JUNEAU -- Alaska's Legislature should consider changing election law to make clear that voter intent is what matters in counting write-in ballots, a state lawmaker said Wednesday.
The change could help Alaska avoid a repeat of the recent legal wrangling between Republican nominee Joe Miller and U.S. Sen. Lisa Murkowski, who lost the GOP nod in August but won the November general election on the strength of write-in votes.
State Sen. Bill Wielechowski, D-Anchorage, told The Associated Press that his staff is looking at how other states handle write-in ballots.
Wielechowski stopped short of saying he would introduce legislation or that a proposal would come from the State Affairs Committee that he's set to chair. But he said the option of clarifying the law -- stressing that voter intent matters -- should be explored.
He said he intends to talk with fellow lawmakers to see if there is support for a change.
The issue of what constitutes a valid write-in ballot has been at the heart of the legal battle waged by Miller, a tea party favorite. He believes the state should have been held to a strict reading of the law and not be allowed to use discretion in tallying write-in ballots for Murkowski.
Official results released by the state Tuesday showed Murkowski winning by more than 10,000 votes. She is scheduled to be certified the winner today and become the first U.S. Senate candidate since 1954 to win with a write-in campaign.
Three courts have ruled against Miller, including U.S. District Judge Ralph Beistline on Tuesday.
But Beistline, who refused to second-guess the state Supreme Court in its refusal to overturn the results favoring Murkowski, also said it was easy to understand Miller's argument, saying that the law is "poorly drafted."
Wielechowski said he considers that an important message to lawmakers. Miller himself favors changes, his spokesman said Wednesday.
The law calls for write-in ballots to have the ovals filled in and either the candidate's last name or name as it appears on the declaration of candidacy written. The section of law in which it appears states that the rules "are mandatory and there are no exceptions to them. A ballot may not be counted unless marked in compliance with these rules."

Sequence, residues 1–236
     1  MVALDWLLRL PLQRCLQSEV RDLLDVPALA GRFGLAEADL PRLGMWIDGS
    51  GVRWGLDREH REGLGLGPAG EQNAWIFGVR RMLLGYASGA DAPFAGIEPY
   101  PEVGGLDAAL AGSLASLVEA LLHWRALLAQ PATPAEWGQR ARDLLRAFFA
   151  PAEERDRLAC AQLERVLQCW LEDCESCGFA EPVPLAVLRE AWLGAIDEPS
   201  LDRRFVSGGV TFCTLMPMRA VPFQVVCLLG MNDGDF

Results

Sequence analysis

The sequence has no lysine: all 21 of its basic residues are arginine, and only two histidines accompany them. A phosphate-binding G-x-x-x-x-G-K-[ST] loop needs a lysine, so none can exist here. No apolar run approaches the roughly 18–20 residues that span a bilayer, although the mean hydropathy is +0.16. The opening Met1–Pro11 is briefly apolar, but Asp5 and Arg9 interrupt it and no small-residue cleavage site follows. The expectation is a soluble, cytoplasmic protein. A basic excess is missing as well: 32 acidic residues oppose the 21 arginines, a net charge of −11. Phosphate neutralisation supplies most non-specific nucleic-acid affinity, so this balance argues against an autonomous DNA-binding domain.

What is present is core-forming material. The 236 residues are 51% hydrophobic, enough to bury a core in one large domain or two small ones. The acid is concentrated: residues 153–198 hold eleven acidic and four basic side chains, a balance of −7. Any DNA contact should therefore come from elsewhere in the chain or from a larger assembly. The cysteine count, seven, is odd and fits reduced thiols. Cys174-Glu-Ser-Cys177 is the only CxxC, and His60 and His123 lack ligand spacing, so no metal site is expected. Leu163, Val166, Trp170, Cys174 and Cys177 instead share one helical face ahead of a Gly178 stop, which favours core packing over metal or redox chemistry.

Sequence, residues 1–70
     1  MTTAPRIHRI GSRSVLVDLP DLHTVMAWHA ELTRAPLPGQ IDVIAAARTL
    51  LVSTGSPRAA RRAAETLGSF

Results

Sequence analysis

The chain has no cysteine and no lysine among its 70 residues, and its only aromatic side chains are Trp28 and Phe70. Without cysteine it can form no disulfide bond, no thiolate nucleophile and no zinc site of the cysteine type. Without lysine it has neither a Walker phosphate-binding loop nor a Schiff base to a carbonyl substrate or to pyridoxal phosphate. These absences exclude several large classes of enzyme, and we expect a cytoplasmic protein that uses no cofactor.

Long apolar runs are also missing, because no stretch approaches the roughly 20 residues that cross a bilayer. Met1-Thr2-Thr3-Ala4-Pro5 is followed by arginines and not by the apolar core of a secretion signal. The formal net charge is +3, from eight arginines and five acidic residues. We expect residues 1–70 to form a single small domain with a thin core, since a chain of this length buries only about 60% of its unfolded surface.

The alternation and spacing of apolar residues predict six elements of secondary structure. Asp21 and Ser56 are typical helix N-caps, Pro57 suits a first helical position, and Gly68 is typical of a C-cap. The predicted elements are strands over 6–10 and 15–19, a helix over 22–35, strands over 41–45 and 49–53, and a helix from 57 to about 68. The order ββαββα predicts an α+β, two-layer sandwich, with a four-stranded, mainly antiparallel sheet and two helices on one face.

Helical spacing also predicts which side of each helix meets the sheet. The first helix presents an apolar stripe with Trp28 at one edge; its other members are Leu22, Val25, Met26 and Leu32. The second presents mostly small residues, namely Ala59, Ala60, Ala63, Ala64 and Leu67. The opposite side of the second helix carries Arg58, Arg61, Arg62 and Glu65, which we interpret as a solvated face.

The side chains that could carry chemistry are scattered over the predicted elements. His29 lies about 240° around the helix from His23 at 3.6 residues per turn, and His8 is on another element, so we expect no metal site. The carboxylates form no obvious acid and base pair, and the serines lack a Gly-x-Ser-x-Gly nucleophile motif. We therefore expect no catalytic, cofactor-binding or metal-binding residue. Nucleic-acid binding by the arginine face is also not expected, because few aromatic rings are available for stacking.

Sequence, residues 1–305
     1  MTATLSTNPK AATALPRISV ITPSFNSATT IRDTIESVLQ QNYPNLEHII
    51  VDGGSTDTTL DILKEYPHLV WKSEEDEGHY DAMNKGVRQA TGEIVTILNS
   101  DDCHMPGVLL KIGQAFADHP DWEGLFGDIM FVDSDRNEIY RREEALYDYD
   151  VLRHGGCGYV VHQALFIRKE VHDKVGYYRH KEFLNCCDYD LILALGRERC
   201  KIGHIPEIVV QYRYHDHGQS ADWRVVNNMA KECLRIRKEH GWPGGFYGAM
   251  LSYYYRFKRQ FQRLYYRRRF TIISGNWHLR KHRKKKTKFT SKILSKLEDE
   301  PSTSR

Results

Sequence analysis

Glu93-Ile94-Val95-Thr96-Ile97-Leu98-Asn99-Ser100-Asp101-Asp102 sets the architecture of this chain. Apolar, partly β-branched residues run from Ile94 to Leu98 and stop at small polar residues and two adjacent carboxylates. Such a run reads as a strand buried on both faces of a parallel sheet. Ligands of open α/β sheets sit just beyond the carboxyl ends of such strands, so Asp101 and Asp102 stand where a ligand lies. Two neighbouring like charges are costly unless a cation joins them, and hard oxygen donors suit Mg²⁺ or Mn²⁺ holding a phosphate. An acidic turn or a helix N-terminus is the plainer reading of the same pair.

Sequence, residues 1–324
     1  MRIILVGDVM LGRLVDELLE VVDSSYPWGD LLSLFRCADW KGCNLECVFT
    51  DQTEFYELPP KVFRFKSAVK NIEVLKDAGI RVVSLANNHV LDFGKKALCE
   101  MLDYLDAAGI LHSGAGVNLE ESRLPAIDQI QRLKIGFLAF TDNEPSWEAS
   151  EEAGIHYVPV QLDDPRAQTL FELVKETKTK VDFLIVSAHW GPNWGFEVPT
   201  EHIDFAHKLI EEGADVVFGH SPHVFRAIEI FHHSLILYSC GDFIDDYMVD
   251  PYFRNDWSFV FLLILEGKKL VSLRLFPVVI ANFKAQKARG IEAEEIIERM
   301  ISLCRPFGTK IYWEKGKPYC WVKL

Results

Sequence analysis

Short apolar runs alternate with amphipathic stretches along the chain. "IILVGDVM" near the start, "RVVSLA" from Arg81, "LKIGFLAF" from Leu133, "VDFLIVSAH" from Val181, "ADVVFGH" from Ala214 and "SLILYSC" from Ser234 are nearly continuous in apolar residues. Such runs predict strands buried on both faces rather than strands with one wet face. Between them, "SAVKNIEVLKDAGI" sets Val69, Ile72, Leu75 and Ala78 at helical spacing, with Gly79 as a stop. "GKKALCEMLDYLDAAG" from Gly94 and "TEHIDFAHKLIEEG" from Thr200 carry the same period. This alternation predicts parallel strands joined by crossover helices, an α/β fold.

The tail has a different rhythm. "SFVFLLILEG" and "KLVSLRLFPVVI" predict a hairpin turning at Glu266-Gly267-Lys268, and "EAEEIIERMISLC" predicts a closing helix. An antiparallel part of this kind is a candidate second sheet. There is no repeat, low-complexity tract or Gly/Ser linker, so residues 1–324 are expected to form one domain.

As Miller's camp argued, that meant the state should not have counted, as it did, ballots with misspellings or extra words, such as "Republican," for Murkowski.
The state defended its practices by pointing to case law. The state's high court found voter intent "paramount."
"I think most legislators, most Alaskans, support the idea that the voter's intent should be the most important thing," Wielechowski said. "I think that's what we need to clarify in the law."
Lt. Gov. Mead Treadwell, who took office earlier this month and oversees elections, has said he doesn't expect the administration to propose legislative changes. However, the administration is willing to work with the legislature, he said, and may participate in any oversight hearings that lawmakers might want to hold into the state's handling of the vote count. Republican House Speaker Mike Chenault said he's interested in looking into possible changes but he isn't sure how far he's willing to go with them. The legislature faces other big issues when it convenes in mid-January, with oil and gas taxes and the budget expected to be major topics.
"I think it deserves a look back to see if we can keep this from happening again," Chenault said, adding that he believes it will probably be taken up in some way.
Challenges made to ballots counted for Murkowski during a tedious, weeklong hand-count -- such as ballots with her party affiliation written in -- "were, in my mind, really trivial and just added to the whole circus-effect of the process," he said.
"I think, clearly, that voter intent has to be part of the statute," he said. "I guess, at what point do you take away somebody's right to vote?"